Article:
What is it?
The democratic leadership style is a very open and collegial style of running a team. Ideas move freely amongst the group and are discussed openly. Everyone is given a seat at the table, and discussion is relatively free-flowing.
This style is needed in dynamic and rapidly changing environments where very little can be taken as a constant. In these fast moving organizations, every option for improvement has to be considered to keep the group from falling out of date.
The democratic leadership style means facilitating the conversation, encouraging people to share their ideas, and then synthesizing all the available information into the best possible decision. The democratic leader must also be able to communicate that decision back to the group to bring unity the plan is chosen.
When is it Used?
When situations change frequently, democratic leadership offers a great deal of flexibility to adapt to better ways of doing things. Unfortunately, it is also somewhat slow to make a decision in this structure, so while it may embrace newer and better methods; it might not do so very quickly.
Democratic leadership style can bring the best out of an experienced and professional team. It capitalizes on their skills and talents by letting them share their views, rather than simply expecting them to conform.
If a decision is very complex and broad, it is important to have the different areas of expertise represented and contributing input – this is where democratic leader shines.
Good fits for Democratic Leadership:
- Creative groups (advertising, design): ideas need to flow in creative environments to find create new concepts and designs.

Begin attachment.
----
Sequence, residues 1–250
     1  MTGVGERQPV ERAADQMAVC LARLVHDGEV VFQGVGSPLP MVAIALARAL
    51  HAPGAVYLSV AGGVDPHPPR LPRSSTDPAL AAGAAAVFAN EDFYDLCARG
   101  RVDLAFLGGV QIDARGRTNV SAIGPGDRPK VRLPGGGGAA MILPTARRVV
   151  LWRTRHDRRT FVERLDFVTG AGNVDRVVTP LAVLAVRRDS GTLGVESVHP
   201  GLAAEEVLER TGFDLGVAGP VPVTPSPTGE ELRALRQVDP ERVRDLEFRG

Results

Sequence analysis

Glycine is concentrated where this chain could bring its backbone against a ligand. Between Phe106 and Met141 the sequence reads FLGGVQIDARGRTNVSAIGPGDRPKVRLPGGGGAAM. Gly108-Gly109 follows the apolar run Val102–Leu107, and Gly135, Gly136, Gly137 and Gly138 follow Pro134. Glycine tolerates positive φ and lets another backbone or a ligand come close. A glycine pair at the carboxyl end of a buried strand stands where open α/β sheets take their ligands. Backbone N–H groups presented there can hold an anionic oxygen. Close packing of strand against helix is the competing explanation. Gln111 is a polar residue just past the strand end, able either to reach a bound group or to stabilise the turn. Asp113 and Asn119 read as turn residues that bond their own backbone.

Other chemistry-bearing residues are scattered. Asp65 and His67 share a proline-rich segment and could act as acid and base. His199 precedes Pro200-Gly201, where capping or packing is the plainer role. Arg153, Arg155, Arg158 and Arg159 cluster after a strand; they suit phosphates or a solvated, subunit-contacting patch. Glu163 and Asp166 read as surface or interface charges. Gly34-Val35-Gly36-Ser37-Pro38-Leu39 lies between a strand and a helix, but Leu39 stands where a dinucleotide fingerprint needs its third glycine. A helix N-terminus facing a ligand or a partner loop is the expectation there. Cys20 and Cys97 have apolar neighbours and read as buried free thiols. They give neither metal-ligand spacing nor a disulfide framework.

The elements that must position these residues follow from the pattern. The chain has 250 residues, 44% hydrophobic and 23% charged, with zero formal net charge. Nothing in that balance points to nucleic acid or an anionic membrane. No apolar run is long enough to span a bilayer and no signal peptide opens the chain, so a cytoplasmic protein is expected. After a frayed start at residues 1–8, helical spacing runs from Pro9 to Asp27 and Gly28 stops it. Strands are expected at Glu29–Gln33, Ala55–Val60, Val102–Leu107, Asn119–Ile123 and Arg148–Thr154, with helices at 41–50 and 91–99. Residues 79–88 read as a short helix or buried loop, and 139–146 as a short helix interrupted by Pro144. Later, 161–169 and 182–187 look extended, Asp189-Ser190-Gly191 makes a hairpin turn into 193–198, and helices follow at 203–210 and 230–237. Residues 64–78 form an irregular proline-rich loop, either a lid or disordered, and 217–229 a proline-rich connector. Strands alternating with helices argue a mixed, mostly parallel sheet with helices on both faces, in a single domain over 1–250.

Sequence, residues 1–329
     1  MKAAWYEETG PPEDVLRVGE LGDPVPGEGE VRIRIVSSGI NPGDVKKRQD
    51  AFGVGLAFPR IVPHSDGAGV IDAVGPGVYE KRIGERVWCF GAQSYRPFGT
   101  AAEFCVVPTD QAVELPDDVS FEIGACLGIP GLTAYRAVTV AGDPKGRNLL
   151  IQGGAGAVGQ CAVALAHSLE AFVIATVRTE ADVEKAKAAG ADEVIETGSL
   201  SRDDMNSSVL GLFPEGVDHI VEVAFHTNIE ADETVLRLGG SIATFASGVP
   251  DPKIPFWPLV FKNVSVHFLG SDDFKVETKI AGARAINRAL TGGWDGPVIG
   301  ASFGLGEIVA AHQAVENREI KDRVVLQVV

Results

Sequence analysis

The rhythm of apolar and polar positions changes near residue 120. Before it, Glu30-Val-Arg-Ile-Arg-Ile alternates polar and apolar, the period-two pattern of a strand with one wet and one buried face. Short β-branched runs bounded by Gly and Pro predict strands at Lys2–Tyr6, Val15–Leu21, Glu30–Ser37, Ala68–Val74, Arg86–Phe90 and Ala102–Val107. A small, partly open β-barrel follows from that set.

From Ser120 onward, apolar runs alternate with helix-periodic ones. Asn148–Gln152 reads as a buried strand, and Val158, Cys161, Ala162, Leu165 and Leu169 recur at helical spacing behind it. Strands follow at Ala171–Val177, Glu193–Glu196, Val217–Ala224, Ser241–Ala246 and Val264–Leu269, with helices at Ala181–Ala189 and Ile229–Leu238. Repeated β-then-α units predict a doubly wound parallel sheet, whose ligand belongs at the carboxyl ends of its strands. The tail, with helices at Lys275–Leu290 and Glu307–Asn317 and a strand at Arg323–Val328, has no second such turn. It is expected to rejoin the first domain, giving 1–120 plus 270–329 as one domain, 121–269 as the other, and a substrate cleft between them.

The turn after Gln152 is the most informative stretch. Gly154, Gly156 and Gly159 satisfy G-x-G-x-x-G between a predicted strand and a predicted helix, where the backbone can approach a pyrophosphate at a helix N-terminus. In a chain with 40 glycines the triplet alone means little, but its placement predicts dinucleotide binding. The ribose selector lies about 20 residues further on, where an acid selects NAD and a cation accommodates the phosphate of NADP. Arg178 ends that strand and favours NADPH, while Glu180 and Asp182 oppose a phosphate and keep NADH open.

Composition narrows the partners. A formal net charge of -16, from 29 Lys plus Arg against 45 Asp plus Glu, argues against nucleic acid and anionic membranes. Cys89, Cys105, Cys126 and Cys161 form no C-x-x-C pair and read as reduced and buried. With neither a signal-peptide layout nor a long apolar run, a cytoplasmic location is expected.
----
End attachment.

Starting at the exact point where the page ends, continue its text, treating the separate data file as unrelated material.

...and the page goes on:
- Consulting: when paid to explore problems and find solutions, your role will be to explore the possibilities in depth, and that means there has to be a great deal of exploration and open discussion.
- Much of the Service industry: new ideas allow for more flexibility to changing customer demands.
- Education: few places need to be open to different ideas than education, both by educators and their students.
How to be effective with this position:
- Keep communication open: If the marketplace of ideas is going to be open for business, everyone needs to feel comfortable enough to put their ideas on the table. The democratic leadership style thrives when all the considerations are laid out for everyone to examine.
- Focus the discussion: It’s hard to keep unstructured discussion productive. It’s the leader’s job to balance being open to ideas and keeping everything on-topic. If the conversation begins to stray, remind everyone of the goal on hand and then steer it back. Make sure to take note of off-topic comments and try to return to them when they are pertinent.
- Be ready to commit: In the democratic leadership style, you get presented with so many possibilities and suggestions that it can be overwhelming and difficult to commit. But as the leader, when the time comes, you have to choose and do so with conviction. The team depends on the clear and unambiguous mandates to be committed.
- Respect the ideas: You and your team might not agree with every idea, and that’s ok. It is important, however, that you create a healthy environment where those ideas are entertained and considered –not maligned– or the flow of ideas will slow to a trickle.
- Explain, but don’t apologize: You want the advocates of the solutions that were not selected to understand that their thoughts were considered and had validity, but that ultimately you had strong reasons to go a different direction. It’s important that the decision be communicated, but you should not apologize for deciding on what you think.
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